Wednesday, September 03, 2008

Camping at Mungo Brush is close to the shores of the Myall Lakes and has delightful little bays for swimming, boating and exploring where the overhanging paperbark trees shade the water and the scary water weeds prevail. Parks and Wildlife manage the camping areas.
Dingoes prowled around as this was the off-season. They were timid yet would steal from the camp site while the back was turned. Massive gonnana lizards are cheeky visitors in the summer months.
Other visitors were the French tourists in the camper van.

Mungo Brush Walk is a simple pleasure.
A grey strangler fig is visible, above, in an early stage of growth.

MUNGO BRUSH seems to be a small area of littoral rainforest between the sea and the lake. The canopy is quite low with relatively few species of plants such as strangler figs, vines, mosses and ferns that have adapted to the harse, salt ladened winds off the ocean.
The rocky hill, Mungo Brush, was one of the off-shore islands once before geological change set in. The waters have risen and fallen and big sand dunes have also formed far and wide disguised under the vegetation.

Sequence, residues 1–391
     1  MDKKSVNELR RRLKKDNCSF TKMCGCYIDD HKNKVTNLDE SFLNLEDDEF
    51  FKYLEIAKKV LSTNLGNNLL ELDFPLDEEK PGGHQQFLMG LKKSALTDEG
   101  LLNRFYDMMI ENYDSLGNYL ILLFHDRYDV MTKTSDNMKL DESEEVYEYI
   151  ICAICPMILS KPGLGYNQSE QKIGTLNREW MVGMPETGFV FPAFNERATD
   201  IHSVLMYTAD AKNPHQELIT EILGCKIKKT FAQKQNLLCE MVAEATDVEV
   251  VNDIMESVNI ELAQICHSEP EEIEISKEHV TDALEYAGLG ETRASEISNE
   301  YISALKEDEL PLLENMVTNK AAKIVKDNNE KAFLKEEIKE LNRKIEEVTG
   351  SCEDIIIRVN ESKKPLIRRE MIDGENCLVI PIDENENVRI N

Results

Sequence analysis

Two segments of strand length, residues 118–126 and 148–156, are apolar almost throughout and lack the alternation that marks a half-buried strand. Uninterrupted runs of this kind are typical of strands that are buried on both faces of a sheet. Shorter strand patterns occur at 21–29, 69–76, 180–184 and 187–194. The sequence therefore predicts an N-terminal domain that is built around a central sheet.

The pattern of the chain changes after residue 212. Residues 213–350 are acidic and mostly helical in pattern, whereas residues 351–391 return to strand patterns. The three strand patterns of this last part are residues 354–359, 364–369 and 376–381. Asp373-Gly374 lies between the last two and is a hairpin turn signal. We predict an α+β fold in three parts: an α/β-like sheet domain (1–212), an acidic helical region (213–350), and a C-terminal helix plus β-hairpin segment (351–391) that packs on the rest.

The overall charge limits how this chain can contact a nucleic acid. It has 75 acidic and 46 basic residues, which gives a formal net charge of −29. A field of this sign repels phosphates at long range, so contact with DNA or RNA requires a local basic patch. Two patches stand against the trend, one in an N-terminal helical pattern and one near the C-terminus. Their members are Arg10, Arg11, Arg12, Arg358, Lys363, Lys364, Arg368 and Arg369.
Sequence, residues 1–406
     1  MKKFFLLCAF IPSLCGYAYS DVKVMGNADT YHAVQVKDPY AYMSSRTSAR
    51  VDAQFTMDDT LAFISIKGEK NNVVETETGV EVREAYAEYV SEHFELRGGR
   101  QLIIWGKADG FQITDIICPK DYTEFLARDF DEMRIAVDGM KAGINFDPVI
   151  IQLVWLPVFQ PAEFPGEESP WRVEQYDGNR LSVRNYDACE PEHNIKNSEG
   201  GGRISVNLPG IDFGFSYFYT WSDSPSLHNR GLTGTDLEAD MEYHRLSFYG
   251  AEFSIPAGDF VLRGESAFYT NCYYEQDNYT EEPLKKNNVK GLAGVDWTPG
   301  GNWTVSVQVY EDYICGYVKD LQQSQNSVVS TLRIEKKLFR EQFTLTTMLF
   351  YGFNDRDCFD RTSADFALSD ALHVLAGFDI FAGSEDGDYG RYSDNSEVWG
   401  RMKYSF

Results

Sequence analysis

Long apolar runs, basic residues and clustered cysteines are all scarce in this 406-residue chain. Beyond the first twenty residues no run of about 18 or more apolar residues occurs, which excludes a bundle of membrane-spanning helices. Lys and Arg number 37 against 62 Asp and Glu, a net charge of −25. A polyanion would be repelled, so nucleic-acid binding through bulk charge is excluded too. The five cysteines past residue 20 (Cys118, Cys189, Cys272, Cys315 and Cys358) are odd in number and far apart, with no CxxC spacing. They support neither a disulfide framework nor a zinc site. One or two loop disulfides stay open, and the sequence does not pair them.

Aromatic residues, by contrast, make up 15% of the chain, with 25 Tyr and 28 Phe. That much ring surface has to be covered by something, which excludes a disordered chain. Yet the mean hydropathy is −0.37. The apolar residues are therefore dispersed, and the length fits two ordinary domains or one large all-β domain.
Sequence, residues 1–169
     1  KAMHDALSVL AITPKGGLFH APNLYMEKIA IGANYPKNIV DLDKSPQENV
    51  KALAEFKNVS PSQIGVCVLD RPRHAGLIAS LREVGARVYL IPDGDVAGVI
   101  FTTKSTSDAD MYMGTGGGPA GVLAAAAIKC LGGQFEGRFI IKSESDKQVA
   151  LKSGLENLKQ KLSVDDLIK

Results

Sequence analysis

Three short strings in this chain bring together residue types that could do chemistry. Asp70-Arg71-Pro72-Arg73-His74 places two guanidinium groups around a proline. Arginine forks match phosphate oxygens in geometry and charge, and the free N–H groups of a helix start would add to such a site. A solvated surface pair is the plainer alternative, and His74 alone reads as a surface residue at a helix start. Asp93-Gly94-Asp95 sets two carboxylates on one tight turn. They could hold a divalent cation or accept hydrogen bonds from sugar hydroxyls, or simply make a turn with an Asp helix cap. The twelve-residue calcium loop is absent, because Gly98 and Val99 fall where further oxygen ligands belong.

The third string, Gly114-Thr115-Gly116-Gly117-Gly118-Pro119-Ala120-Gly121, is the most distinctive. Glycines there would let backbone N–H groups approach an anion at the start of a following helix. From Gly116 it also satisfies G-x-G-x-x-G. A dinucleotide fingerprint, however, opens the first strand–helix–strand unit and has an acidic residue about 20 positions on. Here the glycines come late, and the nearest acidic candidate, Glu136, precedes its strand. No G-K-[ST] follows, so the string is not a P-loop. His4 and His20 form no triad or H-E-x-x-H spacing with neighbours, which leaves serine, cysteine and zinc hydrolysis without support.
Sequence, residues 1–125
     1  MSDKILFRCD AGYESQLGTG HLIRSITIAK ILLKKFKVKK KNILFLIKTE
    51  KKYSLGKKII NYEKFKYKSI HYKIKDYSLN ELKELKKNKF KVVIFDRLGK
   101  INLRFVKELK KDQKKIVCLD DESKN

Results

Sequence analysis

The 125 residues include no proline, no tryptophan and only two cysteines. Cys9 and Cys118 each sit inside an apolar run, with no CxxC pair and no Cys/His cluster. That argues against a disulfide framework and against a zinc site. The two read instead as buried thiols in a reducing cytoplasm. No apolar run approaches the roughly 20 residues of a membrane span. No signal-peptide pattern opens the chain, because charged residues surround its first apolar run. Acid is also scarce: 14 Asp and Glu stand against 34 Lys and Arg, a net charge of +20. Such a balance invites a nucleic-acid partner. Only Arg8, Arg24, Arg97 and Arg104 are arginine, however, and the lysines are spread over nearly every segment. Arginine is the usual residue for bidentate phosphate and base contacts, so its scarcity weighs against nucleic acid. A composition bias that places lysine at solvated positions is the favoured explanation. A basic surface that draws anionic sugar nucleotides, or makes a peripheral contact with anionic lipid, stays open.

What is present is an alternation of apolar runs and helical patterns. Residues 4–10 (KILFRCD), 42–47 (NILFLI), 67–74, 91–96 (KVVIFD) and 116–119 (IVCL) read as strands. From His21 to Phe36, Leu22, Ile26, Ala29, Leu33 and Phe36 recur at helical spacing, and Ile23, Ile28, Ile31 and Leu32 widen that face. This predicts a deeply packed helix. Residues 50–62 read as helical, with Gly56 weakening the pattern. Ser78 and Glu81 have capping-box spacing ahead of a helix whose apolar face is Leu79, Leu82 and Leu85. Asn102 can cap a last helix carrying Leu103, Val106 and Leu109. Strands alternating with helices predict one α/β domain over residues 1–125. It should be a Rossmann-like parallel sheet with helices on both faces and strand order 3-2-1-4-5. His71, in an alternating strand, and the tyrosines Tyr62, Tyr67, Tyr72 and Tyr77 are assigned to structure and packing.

Sand mining for minerals was undertaken relatively close by and concern led to action to curtail mining activity and preserve and extend the domain of the park. The Worimi people occupied the lands living a fisher-hunter-gather lifestyle. Middens and other evidence of their occupation has been found.

The path through Mungo Brush is cool.

From the easterly shores.
A short distance to the north, a very narrow point in the lake has a vehicular ferry crossing with a tow line.
Crossing the water leads to Myall Resort and water activities, more popular in warmer weather.

Myall Shores Resort has cabins, caravans, camping and restaurant and grew from the legendary Leggs Camp.

Return north-west by the circular route on a gravel road follows the Myall River to Bulahdelah where house boats can be hired for a jaunt around the lakes. Navigating the narrow but tranquil river to the lakes would mean all hands on deck and advice and assistance is only a phone call away for the seafarer adventurer.